August 30, 2002
Of Proselytizing and Subway Tracts
-- Elizabeth Hayes Alvarez
As an inhabitant of a religiously vibrant city in a religiously vibrant nation, my "sightings" of religion in public life often come from the street. Lately my husband and I have been watching the tract war between Jews for Jesus and the Jewish Community Relations Council of New York (JCRC) heat up once again. Tracts are forced upon us in New York's underground tunnels near the Port Authority, but we willingly take them home. As a person who finds public expressions of religiosity fascinating, I'm rarely uncomfortable accepting whatever people feel compelled to offer.
This latest batch struck me, both because of their usual earnestness and the rising tide of their back-and-forth paper dialog. More serious and troubling questions -- for Jews and Christians alike -- are at stake in this dialog than the flimsy, sometimes comic-book, formula of the tracts at first reveals.
The JCRC claims to respect the right to missionize but declares that Jews for Jesus and other similar organizations are engaging in "deceptive proselytizing" by "attempting to redefine Judaism in order to convert Jewish people." They are particularly concerned with the vulnerability of youth and consider Jewish terminology and practices adopted by these "Hebrew-Christians" to be a mere "veneer" masking their "actual goal of converting unsuspecting Jews to Christianity." These critiques are well founded and, as the JCRC notes, many prominent Christian organizations agree. The JCRC is convinced that Hebrew-Christian groups are "neither representing true Judaism, nor are they conveying true Christianity." They insist that a clear demarcation is the only basis upon which the communities can live and work side by side.
Hebrew-Christian groups want to remind us of another reality--the intimate and derivative relationship between the two religions. They focus on the positive: your scripture is our scripture, our Lord is a Jewish man, our church began in the synagogue. The Jews for Jesus response to the JCRC tract?: "[They're] right. This is not about Judaism. This is about Y'shua the Jewish Messiah." But their assertions are a shadow of the whole truth: we took over your sacred books and claimed a superior understanding of them; we engaged in violence against you in the name of the God of your ancestors; we have short memories. Their refusal to acknowledge these realities is very troubling.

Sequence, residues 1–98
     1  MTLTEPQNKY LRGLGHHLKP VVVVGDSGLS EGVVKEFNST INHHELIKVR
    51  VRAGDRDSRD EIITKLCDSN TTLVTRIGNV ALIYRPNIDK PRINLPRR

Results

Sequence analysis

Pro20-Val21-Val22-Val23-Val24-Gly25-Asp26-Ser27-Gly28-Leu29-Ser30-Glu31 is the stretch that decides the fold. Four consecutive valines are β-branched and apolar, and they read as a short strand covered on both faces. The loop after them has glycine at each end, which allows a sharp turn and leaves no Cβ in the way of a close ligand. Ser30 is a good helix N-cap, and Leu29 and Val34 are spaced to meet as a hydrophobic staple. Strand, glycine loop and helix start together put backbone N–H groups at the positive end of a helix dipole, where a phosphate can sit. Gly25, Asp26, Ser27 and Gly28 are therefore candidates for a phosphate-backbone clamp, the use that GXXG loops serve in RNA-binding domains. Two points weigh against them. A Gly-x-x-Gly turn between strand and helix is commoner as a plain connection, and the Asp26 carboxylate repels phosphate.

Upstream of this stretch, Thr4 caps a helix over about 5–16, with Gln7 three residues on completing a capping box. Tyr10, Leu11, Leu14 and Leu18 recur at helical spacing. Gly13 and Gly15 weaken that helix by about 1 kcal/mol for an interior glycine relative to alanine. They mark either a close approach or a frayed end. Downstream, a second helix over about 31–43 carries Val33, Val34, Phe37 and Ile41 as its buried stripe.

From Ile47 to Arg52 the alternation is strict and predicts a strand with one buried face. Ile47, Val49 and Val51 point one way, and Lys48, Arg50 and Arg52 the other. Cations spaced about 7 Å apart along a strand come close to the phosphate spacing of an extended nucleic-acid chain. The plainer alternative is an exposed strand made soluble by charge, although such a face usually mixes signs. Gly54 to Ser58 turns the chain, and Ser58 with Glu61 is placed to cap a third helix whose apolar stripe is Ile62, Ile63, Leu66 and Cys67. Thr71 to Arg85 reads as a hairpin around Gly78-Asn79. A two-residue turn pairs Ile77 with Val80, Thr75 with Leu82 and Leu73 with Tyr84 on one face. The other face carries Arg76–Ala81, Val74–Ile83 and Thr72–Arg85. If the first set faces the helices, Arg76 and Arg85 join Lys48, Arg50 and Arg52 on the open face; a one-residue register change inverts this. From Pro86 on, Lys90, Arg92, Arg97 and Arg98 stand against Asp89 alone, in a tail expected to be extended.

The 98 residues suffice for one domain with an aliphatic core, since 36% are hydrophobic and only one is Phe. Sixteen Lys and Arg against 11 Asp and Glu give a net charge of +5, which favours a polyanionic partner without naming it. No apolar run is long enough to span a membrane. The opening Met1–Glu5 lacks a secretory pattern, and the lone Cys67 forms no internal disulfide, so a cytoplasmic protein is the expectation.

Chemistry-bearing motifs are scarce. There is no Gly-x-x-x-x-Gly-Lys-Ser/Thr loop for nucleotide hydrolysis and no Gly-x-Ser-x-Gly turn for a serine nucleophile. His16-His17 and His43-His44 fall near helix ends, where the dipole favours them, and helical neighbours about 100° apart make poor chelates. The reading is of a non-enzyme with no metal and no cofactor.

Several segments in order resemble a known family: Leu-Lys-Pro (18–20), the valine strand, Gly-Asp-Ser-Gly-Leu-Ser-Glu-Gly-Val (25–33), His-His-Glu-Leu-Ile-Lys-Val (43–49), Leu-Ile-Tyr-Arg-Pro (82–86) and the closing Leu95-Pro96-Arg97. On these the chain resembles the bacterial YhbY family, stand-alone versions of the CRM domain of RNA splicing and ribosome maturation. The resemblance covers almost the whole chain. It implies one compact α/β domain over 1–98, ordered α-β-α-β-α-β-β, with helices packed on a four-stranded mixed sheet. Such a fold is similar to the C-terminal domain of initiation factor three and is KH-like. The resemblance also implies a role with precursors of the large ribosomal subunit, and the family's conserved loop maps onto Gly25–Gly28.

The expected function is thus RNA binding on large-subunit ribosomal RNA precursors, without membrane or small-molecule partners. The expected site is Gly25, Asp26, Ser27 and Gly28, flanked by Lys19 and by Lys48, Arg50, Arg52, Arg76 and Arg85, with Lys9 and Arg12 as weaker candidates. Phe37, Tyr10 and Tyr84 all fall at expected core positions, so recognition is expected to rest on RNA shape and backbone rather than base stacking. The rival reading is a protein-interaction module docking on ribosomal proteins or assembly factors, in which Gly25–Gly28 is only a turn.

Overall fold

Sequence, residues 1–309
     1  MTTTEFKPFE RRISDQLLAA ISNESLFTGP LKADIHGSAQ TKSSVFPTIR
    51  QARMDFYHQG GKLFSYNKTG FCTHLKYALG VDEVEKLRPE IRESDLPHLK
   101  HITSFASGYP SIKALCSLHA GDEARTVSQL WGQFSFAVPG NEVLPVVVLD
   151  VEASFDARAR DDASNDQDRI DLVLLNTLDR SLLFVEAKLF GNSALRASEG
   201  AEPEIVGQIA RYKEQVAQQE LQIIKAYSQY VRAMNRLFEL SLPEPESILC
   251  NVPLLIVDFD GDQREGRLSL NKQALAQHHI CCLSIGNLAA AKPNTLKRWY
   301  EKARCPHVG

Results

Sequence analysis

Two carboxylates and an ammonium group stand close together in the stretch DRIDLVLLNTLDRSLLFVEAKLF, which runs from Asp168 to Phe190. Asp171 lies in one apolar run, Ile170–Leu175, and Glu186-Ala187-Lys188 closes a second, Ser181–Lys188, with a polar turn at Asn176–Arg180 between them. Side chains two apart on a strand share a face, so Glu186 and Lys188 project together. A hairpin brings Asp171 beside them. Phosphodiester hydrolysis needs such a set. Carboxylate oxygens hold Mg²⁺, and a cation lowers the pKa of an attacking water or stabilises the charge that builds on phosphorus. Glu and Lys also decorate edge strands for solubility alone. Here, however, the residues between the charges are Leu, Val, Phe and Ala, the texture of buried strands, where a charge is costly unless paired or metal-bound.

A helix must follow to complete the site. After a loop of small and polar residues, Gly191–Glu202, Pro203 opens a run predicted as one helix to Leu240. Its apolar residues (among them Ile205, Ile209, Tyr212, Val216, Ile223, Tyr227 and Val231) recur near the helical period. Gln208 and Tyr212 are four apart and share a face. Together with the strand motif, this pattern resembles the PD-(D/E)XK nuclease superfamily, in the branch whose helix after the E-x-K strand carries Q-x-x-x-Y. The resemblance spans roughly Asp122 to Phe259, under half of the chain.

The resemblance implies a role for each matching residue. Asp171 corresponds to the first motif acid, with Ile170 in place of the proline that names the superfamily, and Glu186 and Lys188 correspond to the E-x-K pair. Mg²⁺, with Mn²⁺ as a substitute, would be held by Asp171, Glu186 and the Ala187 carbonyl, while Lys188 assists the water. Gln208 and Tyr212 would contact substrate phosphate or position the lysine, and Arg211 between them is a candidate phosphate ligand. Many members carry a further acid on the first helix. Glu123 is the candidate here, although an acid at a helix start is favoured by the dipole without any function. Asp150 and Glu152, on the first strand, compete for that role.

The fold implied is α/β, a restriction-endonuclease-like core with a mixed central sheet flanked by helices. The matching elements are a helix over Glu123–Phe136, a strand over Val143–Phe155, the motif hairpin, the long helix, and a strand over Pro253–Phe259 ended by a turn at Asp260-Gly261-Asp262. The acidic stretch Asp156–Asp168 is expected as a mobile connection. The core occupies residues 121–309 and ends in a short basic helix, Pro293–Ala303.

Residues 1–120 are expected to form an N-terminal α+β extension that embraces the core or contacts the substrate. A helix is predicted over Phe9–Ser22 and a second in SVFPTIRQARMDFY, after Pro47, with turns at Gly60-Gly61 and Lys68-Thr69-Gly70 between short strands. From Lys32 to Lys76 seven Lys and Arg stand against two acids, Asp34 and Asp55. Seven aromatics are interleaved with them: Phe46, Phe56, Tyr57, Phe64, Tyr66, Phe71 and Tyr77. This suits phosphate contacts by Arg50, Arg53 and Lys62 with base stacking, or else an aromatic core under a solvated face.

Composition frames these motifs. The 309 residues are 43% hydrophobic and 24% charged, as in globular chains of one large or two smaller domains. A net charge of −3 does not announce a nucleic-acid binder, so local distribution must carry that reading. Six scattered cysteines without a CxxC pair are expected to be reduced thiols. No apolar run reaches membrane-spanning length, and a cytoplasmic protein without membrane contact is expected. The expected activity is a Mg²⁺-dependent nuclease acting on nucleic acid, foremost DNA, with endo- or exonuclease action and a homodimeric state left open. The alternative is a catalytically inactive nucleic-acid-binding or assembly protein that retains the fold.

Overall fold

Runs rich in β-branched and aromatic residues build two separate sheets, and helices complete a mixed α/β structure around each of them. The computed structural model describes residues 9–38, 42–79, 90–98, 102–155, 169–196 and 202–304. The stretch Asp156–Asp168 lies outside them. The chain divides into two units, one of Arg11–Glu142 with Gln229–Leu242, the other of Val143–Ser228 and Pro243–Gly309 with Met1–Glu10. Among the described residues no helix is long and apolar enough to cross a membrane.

Recently, the Bishops Committee for Ecumenical and Interreligious Affairs of the Roman Catholic Church declared that the Jews are in a unique covenant with God and have a shared role in preparing for the coming Kingdom of God. Thus, for those who accept its authority, it is no longer "theologically appropriate" to target Jews for conversion. Indeed, despite the Catholic Church's long history of believing otherwise, or perhaps in repentance for it, the committee has declared that the Jews are saved, not on the basis of the work of Christ, but on the basis of their own eternal covenant with God. The Southern Baptists were quick to point out the irony. Jesus said, "I was sent only to the lost sheep of the house of Israel" (Matt. 15:24) and early Christian controversy revolved around whether and how any missionizing to non-Jews should be undertaken.
Americans claim a right to our own beliefs, but harbor profound discomfort with missionizing of all types. Has a history of profound suffering, violence, and forced baptism at the hands of Christians precluded Christian missionizing of Jews and made it unacceptable to speak about the Jewish roots of Christianity? Discussion of the former has long been a feature of the historical study of Christianity, but when a modern, culturally bounded group attempts to revive the religion of Jewish Christianity, do they have a responsibility to acknowledge and discuss the complete history of Jewish-Christian relations?
All missionizing can feel threatening. Has the Jewish community earned the right to be protected from these threats? Or is the distribution and counter-distribution of tracts in the subways of New York merely the price of doing business in the religious marketplace that is America.
Elizabeth Hayes Alvarez is the new managing editor of Sightings. She is a Ph.D. candidate in the history of Christianity at the University of Chicago Divinity School.